Social Cognition

The Thoughtful Animal

Category archives for Social Cognition

Eric M. Johnson and I spent about 45 minutes discussing “evolutionary psychology beyond sex” last night, which you can see today on Bloggingheads “Science Saturday.” Or just watch it here:

“Two chimps had been shut out of their shelter by mistake during a cold rain storm. They were standing dejeted, water streaming down their shivering bodies, when Professor K√∂hler chanced to pass.” Upon opening the door for the two chimps, Dr. James Leuba recounts, “instead of scampering in without more ado, as many a child…

Even still, we tend to think of the turkey as a fairly unintelligent bird, skilled at little more than waddling around, emitting the occasional “gobble,” and frying up golden-brown-and-delicious. But…what if I told you that the domestic turkey (Meleagris gallopavo) could actually be quite clever, at least when it comes to social cognition? Apocryphal or…

Scientists thought they had a pretty good handle on the social interactions of bottlenose dophins (Tursiops). They’ve used the term fission-fusion dynamics to describe dolphin (and non-human primate) society and so far it has served researchers well. Fission-fusion societies among dolphins are characterized by two levels of social hierarchy: groups of two or three related…

Have you ever been at a party with lots of people chatting away, when for some unexplainable reason you felt compelled to turn and look at the front door of your friend’s house…and just as you were looking, someone was just coming in from outside and closing the door? You couldn’t have heard the door…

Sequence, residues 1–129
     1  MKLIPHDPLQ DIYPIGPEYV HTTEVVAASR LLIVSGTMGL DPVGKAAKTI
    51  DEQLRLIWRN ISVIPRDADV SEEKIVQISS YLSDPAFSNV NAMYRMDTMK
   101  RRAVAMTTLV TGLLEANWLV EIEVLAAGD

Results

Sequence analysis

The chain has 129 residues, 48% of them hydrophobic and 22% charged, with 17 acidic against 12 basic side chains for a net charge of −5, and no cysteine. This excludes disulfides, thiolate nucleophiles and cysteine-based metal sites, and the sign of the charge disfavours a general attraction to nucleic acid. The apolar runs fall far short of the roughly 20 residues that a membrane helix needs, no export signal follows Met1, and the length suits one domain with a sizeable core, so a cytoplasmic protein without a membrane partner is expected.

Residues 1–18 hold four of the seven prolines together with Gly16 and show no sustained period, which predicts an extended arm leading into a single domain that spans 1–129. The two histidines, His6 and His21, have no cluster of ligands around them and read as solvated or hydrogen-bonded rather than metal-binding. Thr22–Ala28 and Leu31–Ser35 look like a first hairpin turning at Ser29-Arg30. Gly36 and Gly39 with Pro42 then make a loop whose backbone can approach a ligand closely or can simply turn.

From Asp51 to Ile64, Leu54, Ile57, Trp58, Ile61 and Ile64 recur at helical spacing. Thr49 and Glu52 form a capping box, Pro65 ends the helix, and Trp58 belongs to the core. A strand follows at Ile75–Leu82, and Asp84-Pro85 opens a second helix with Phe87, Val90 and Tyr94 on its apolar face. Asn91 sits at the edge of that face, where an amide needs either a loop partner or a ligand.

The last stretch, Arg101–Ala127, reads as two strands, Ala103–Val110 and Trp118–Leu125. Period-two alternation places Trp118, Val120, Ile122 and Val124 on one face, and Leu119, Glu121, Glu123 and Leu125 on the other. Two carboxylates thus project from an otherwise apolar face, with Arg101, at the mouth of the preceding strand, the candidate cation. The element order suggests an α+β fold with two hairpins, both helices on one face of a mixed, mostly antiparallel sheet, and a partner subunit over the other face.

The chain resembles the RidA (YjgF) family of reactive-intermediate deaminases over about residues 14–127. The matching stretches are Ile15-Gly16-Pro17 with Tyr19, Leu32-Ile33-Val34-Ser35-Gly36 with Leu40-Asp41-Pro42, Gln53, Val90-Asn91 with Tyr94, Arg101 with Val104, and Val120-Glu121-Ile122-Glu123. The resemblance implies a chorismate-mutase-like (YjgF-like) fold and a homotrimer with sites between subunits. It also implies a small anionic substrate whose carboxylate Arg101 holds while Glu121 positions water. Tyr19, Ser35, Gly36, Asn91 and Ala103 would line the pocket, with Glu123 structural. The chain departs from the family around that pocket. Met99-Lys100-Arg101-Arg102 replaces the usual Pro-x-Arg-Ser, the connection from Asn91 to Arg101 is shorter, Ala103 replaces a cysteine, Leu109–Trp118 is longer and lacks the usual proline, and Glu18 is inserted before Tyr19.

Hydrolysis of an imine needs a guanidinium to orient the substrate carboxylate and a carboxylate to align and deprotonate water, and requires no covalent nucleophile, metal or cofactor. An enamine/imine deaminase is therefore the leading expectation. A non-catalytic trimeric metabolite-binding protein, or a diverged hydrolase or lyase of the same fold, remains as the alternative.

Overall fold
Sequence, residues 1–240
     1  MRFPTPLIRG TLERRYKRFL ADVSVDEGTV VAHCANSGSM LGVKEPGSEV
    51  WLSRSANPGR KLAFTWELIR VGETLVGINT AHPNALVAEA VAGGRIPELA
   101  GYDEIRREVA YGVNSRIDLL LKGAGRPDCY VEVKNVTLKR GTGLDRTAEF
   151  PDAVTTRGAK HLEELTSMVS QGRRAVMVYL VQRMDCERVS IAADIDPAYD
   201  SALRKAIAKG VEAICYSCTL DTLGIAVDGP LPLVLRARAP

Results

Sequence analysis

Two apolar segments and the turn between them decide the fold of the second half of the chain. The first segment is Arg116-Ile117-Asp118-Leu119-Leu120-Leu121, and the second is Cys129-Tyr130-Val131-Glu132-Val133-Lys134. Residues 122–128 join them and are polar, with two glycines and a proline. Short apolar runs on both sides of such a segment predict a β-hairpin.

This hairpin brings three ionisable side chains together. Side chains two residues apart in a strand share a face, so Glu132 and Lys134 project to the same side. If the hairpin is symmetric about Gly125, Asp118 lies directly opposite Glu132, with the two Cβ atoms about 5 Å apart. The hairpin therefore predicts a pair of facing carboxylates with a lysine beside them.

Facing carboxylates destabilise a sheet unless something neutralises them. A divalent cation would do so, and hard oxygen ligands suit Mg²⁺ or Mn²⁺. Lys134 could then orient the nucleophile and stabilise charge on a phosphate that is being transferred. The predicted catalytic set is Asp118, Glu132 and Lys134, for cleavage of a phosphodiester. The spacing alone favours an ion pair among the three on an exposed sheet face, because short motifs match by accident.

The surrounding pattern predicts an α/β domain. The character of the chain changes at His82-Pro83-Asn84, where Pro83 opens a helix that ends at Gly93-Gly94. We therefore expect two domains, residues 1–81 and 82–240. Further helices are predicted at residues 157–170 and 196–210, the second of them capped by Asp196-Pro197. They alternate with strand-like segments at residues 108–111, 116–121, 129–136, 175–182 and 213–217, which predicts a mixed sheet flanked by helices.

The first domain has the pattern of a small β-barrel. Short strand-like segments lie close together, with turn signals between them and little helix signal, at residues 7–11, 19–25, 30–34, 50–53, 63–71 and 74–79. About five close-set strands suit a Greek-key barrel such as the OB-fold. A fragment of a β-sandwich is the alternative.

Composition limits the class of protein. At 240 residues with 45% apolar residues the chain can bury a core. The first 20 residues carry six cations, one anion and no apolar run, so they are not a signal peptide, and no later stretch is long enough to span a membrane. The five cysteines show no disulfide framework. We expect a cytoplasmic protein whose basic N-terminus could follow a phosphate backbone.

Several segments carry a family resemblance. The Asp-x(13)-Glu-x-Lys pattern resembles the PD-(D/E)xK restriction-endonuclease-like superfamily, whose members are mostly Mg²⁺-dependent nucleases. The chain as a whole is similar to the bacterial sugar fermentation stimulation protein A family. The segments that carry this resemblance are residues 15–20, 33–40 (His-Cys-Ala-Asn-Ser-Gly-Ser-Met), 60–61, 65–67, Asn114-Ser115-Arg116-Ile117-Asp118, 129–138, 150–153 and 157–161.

Robot Lizard Push-ups

Have you ever been walking through the forest and thought to yourself, “Damn, its loud here…it’s really, really hard to hear anything anybody else is saying”? Well, maybe that’s what prompted Terry J. Ord and Judy A. Stamps, respectively from Harvard and UC Davis to investigate lizard exercise routines. You ask: What do lizard calisthenics…

In 1975, Edward Tronick and colleagues first presented the “still face experiment” to colleagues at the biennial meeting of the Society for Research in Child Development. He described a phenomenon in which an infant, after three minutes of “interaction” with a non-responsive expressionless mother, “rapidly sobers and grows wary. He makes repeated attempts to get…

The Fate of the Alamogordo Chimps

The National Institutes of Health announced that by 2011 it will transfer almost two hundred chimpanzees from the Alamogordo Primate Facility in New Mexico to a lab in San Antonio, Texas, lab for use in invasive research. In 1995, the NIH announced a moratorium on the breeding of chimps in federally-supported labs, and as a…

Morality and convention are so mired in culture that it may seem near impossible to determine the extent to which biology and environment give rise to it. And yet it is possible to investigate the evolutionary origins of morality. Research with infants – especially pre-verbal infants – who have not yet been sufficiently exposed to…

Cooperation and conflict are both a part of human society. While a good deal of the academic literature addresses the evolutionary origins of conflict, in recent years there has been an increased focus on the investigation of the evolutionary origins of cooperative behavior. One component of cooperative behavior that might be present in other animals…